The legacy of the enigmatic George Harrison will always be linked with the Beatles. The overlooked “quiet” Beatle who wrote such great songs as “Something,” “Here Comes the Sun,” and “While My Guitar Gently Weeps,” which are among the band’s most popular works, never quite attained the songwriting reputation of Lennon and McCartney while the Beatles were still together. However, once freed from the confines of Beatledom, he amassed a significant oeuvre as a solo artist, releasing ten albums over three decades. George Harrison was the first of the former Fab Four to top the charts, with his song “My Sweet Lord” from his Grammy-nominated debut album, ALL THINGS MUST PASS; the first to tour as a solo artist; and the first to start his own record label, the aptly named Dark Horse Records. In 2002, BRAINWASHED, his final album, was released posthumously to critical acclaim, and his face graced prominent magazine covers. Fans and commentators took the opportunity of his untimely death from cancer in 2001 to wonder at the impact of one musician in particular and of the Beatles in general.
This is the darker side of what may be referred to as Beatle Re-Mania, those subtle new waves of Beatlemania-style media saturation that have periodically washed over America ever since the Fab Four first landed at New York’s JFK Airport early in 1964. More recently, a less burdensome Beatle memorial took place as February 9, 2004 marked the 40th anniversary of the band’s first trip to America, and THE ED SULLIVAN SHOW appearance that triggered the original stateside Beatlemania and launched the first surge of the British Invasion. Accordingly, the date was met with no small amount of Beatle-related commemoration: newspapers across the country included articles highlighting the anniversary; David Letterman played their original ED SULLIVAN SHOW performance in its entirety on his late night show; and the 46th Annual Grammy Awards, which was telecast live on the evening of February 9, featured a Beatles musical tribute.
Beatle Re-Mania has existed for years, but there was a decidedly contemporary feel to this latest trend in nostalgia, perhaps most evident at Beatles.com, the band’s official Web site. Now, it may seem counterintuitive for a band that broke up three decades before the advent of the World Wide Web to have a site, especially since current musical groups generally use the Internet to post tour dates and notify their fans of release dates for their latest recordings … but this is the Beatles, after all. And, as it turns out, Beatles.com has no shortage of recently released music to promote.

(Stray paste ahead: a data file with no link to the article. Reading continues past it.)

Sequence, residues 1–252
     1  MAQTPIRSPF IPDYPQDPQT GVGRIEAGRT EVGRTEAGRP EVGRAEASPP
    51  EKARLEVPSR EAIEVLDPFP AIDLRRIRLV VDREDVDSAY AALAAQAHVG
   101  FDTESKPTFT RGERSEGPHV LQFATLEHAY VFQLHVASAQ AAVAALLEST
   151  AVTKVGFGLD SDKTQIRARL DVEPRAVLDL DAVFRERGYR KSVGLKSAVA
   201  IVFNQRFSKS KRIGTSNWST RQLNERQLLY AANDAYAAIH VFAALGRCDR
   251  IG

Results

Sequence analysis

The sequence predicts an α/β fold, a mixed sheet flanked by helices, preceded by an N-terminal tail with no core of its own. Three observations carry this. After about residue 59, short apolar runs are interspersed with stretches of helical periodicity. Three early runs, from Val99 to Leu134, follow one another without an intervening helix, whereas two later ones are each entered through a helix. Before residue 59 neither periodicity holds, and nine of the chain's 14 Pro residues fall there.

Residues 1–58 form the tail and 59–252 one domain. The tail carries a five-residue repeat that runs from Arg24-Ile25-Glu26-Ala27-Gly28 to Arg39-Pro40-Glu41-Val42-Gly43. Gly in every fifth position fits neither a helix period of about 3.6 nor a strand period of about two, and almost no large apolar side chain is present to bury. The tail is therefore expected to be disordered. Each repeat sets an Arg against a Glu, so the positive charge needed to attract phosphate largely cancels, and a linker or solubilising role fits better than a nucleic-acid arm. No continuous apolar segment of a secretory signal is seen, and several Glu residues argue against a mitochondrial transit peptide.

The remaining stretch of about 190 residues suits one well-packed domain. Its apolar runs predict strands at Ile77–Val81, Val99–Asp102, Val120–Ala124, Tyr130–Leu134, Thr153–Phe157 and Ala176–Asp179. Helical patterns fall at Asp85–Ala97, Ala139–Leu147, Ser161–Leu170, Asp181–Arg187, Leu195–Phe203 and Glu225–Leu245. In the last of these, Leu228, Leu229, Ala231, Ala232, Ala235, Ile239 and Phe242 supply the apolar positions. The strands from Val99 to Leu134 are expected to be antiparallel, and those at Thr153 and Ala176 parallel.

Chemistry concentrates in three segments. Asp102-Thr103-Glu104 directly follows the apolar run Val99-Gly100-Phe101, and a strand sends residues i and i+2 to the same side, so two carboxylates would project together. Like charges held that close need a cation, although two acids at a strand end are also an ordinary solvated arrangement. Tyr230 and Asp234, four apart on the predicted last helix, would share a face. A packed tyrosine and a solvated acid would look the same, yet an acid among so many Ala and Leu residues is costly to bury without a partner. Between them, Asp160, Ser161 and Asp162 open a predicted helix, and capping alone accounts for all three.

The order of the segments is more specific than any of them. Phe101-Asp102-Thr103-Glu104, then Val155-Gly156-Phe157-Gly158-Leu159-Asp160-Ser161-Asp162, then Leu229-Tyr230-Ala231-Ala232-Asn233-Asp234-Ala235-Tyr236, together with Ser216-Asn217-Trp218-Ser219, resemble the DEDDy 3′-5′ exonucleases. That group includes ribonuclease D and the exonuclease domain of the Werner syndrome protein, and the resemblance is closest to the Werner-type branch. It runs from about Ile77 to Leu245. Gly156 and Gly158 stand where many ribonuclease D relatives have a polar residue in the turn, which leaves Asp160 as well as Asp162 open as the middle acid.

THE BEATLES 1 — A “greatest hits” CD, compiling 27 of the Beatles’ #1 hit songs. Released in 2000.
THE BEATLES ANTHOLOGY on DVD — An eight-part television documentary that was broadcast in 1995 and accompanied by three double CDs of rare and previously unreleased music. Originally released on VHS in 1996; the DVD came out in April 2003.
LET IT BE … NAKED — A revamped version of the last Beatles studio album to be released, LET IT BE, that seeks to amend the controversy surrounding Phil Spector’s last-minute production work, particularly the syrupy strings and choir he added, much to Paul McCartney’s dismay, to “The Long and Winding Road.” Released on CD in October 2003.
THE BEATLES: THE FIRST U.S. VISIT — Originally released in 1964 as WHAT’S HAPPENING! THE BEATLES IN THE U.S.A., a film by Albert and David Maysles that documents the band’s arrival in America. The updated DVD was released on February 3, 2004.
What’s marvelous about this new digitized material is that all of it has been available for years, if in slightly different, arguably less robust formats. Certainly the band’s #1 hits have never all been collected on one disc, and LET IT BE has been treated to a rejuvenating makeover. The Maysles’ documentary includes bonus footage that is reputedly better than the original film, but by and large, these changes constitute mere tinkerings that are nevertheless eagerly reincorporated into the group’s evolving legend. That all these pieces have been able to adapt to the changing nature of media bodes well for the band’s long-term legacy. George Harrison and John Lennon may be gone, but John, Paul, George, and Ringo endure; indeed, the Beatles exist, and will remain, on a plane all their own.